I read 54 books in 2018: about one a week. I love learning and books are one of my favorite forms of learning. I tend to read five types of books: Christian Living, Theology, Leadership, General Non-Fiction, and Fiction. If you’re interested in tracking my reading, getting fuller reviews, and sharing with me your favorites, I use Goodreads and would be happy to have you friend me there. Here were some highlights for me in 2018:
The Garden of Eden was no picnic. When God created Adam and Eve, he placed them in the Garden not to vacation, but to work. Before sin ever entered the picture, God formed Adan and Eve in his image, and called them to exercise dominion in the Garden of Eve.
We are called to create order from disorder, to cultivate, and till, and build. Adam and Eve were placed in the Garden of Eden not just to sip Mai Tais and binge on Netflix (not that there is anything wrong with that!); they were put there for the sake of dominion. God wanted caretakers who would craft, build, and create order.
We were made for work. We were made for dominion.
There are some interesting studies that reveal the impact of not working. It has been well documented that there are significant negative mental and emotional outcomes for those who are unemployed.[i] Anxiety rises and self-confidence drops which leads to an increase in substance abuse and violence against self and others.[ii] Consider, for instance, the unhealthy of the lives of those whose profession is to be famous, like the Kardashians.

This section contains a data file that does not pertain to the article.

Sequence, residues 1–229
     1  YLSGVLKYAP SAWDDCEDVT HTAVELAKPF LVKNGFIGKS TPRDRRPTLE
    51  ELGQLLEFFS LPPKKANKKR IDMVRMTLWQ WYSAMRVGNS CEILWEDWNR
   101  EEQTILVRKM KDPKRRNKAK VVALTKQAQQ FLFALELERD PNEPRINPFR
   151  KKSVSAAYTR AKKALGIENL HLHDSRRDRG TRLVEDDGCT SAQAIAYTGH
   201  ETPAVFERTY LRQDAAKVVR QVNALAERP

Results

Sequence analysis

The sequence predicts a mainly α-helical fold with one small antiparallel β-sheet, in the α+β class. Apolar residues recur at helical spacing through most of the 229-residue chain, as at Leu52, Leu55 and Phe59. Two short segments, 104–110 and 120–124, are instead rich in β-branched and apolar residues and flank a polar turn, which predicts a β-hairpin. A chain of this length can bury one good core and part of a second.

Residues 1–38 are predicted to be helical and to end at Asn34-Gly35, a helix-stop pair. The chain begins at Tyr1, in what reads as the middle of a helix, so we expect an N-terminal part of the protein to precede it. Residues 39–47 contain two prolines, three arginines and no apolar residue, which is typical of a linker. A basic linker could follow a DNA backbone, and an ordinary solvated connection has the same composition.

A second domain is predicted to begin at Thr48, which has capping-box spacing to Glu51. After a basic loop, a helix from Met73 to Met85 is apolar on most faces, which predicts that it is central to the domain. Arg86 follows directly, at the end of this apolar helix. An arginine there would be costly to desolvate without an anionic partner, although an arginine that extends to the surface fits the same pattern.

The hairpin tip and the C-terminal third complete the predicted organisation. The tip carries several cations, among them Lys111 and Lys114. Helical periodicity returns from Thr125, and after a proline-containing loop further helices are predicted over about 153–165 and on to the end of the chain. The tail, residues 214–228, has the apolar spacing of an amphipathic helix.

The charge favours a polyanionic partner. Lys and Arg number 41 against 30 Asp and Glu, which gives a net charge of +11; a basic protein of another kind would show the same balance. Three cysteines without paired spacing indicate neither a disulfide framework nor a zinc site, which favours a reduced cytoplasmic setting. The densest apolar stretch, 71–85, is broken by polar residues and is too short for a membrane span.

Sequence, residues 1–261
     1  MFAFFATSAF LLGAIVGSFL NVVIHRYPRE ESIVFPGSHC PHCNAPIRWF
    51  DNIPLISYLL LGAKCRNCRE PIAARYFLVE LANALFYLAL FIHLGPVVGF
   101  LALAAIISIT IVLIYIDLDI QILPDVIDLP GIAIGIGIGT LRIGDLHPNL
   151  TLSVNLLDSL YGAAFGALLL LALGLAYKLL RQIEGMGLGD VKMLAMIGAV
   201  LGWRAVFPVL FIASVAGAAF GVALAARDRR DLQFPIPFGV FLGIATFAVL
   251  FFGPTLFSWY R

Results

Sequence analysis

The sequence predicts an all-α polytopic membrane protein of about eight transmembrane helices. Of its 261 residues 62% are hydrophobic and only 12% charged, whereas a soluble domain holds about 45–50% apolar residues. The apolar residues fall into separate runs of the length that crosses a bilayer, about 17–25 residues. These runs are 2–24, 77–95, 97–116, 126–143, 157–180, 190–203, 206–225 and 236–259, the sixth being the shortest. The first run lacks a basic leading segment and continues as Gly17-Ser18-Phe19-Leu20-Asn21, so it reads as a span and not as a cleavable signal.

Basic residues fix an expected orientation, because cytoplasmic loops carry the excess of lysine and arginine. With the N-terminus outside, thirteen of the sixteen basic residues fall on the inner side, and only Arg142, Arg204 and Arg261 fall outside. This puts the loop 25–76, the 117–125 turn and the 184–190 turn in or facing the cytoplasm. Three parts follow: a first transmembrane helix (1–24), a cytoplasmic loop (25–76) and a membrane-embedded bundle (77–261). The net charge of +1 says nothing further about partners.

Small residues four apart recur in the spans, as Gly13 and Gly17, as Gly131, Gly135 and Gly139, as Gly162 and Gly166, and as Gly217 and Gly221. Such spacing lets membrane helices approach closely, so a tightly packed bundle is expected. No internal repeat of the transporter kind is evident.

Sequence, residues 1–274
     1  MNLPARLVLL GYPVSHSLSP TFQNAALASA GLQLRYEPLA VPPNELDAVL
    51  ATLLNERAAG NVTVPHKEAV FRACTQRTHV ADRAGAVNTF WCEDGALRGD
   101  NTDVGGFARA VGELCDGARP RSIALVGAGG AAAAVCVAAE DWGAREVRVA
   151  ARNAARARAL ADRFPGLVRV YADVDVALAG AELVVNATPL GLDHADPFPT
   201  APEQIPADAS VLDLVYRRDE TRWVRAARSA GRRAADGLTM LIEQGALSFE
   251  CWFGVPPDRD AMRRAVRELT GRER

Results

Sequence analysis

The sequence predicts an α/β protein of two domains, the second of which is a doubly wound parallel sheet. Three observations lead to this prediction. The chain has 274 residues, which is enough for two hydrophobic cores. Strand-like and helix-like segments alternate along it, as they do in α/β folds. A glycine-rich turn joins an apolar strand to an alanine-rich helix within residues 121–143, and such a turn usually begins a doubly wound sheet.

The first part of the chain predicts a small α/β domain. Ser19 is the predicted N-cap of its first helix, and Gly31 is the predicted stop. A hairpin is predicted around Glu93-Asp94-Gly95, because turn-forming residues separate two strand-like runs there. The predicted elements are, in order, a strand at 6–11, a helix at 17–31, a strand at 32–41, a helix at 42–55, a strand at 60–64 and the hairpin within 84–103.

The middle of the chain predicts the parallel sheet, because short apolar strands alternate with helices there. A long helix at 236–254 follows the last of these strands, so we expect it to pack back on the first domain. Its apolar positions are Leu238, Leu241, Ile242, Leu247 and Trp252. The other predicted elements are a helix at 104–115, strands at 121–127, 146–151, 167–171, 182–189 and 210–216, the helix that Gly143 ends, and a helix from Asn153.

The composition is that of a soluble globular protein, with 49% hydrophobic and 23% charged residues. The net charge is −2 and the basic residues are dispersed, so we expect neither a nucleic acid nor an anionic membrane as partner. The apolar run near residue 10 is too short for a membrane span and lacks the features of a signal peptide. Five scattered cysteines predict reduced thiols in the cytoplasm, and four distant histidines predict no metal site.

We were made to work.
1. We’re Gonna Be Rich! This Snapple commercial makes me laugh out loud every time.
2. The Five Biggest Little Ways to Improve Your Marriage. Shaunti Feldhahn shares ow the little things can transform your marriage.
3. The Gospel in 140 Characters: My friend Benjamin Vrbicek shares the story of seeing a minivan with this message painted on its windows: "Heaven is for real, So is Hell! Jesus Christ is your only escape! Receive Him Today!!" He considers how that version of the gospel is deficient and suggests a better way to speak the gospel.
4. I Don’t Think I Want to Be a Christian: How to talk to your teen who doesn't want to be a Christian any longer.
5. The Pastor As Navigator: Stephen Calpine shares wise insights not just for pastors, but for Christians as well in walking through the tensions of extremes in the Christian life: “For just as Odysseus had to sail between the two great monsters, charting a course that minimised his losses, so too the pastoral task has to sail between competing extremes, that while good when sailed between, can threaten to crash ministry on their rocks if we sail too close to either side.”
I heartily endorse NT Wright's thesis: a robust doctrine of the bodily resurrection of Christ necessarily impacts our lives. Wright spends much of his book firing shots across the bows of both the fundamentalists and the liberals.
Wright attacks the fundamentalists' belief in a non-corporeal resurrection, grounded in an implicit dualism. It's an important attack. This idea that the real part of us is our immortal souls which will, alone, live on in heaven, is not just non-scriptural, it's anti-scriptural. Furthermore, as NT Wright points out, it has several deleterious effects: it undermines any urgency for the church to do her work here and now; it can create apathy to change unjust social institutions; and it can lead toward a truncated understanding of how we are to respect and appreciate the bodily existence God has granted us.